How do I pause Windows 10 updates on my computer?

Today we're taking a peek at the latest way to pause Windows updates with Windows 10. This system worked as of October 20, 2020, and will likely work pretty far into the future. Before you go any further, remember that pausing updates from Microsoft could result in less-than-stellar issues if you do not stay up-to-date with security fixes. If you pause updates, it should (probably) only be for a limited time.

You can pause automatic updates in Windows 10 by heading to the Start menu. Go Start – Update & Security – Windows Update – Advanced Options. In Advanced Options under Windows Update, you'll find a "Pause Updates" switch. It is this switch that you'll need to flip.

UPDATE for clarity: If you're reading this guide on October 20, 2020, or later, you MAY have slightly different options. Still go to Start – Settings – Update & Security – and you'll find a "Pause updates for 7 days" button. This menu also allows you to change active hours, view update history, or access advanced options.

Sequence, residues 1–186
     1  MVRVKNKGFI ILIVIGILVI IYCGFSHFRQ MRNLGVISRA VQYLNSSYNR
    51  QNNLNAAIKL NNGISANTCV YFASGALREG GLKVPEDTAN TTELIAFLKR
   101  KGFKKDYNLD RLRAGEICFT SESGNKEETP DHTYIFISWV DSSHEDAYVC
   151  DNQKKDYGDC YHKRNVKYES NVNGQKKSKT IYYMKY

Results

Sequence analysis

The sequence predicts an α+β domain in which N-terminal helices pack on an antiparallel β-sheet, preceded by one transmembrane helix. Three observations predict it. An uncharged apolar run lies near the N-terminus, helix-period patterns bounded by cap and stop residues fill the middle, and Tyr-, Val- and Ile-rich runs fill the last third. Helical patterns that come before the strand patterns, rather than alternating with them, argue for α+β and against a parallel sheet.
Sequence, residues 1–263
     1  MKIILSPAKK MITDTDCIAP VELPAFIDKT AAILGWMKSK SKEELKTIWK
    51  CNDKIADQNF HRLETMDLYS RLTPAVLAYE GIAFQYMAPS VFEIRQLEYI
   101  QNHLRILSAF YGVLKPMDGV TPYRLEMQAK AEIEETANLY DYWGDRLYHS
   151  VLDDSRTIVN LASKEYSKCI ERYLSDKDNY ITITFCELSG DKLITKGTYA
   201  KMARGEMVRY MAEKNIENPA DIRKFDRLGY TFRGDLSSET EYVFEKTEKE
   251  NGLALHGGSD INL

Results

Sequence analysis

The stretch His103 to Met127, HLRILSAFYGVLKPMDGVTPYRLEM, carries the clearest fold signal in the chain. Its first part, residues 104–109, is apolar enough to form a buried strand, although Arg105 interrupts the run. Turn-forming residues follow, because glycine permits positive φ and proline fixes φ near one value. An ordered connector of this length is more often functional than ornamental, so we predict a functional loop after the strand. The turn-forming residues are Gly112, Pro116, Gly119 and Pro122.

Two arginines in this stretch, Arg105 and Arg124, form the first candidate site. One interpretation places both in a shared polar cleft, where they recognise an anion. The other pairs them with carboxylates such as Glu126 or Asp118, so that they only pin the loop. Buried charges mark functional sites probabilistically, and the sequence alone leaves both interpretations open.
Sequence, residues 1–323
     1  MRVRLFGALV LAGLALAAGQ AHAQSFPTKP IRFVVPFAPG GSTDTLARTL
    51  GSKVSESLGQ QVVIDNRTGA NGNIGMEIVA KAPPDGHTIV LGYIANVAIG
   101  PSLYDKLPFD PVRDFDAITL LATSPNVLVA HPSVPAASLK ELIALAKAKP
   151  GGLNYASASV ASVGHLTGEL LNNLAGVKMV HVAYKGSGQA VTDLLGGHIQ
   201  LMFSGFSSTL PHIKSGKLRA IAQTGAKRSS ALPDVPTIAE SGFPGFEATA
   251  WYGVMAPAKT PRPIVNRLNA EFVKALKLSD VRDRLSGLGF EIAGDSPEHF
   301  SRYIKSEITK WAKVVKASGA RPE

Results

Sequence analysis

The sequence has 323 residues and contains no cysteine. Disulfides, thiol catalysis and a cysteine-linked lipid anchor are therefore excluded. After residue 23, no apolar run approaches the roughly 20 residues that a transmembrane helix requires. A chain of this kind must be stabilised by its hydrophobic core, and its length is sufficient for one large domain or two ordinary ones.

It is in Advanced Options menu that you'll find "Receive updates for other Microsoft products when you update Windows." You'll also find "Download updates over metered connections" and "Restart this device as soon as possible when a restart is required to install an update."

Options in this Advanced Options menu allow you to pause updates for up to a month beyond your current date. You can also "choose when updates are installed" for "feature update" and "quality update" scheduling separately.

Why would I pause Windows updates?

Issues arise from time to time with Windows 10 updates from Microsoft. Though there's little reason to believe Microsoft and its developers have any ill intent, bad updates appear every once in a while. Occasionally Microsoft will be in the process of fixing a Windows 10 issue before they've paused the update outright. That is a good time to pause updates for yourself.

Again, it's important that you avoid pausing updates forever, since Microsoft is (as far as we know) still in the business of keeping Windows 10 functional and profitable for all users. That includes keeping users like you safe from malicious entities who'd otherwise aim to leverage vulnerabilities that inevitably pop up over time. Take a peek at the SlashGear Windows 10 tag portal to see the latest in Windows 10 updates – generally the biggest news bits tend to be about issues, when said updates aren't major changes in the way Windows 10 operates.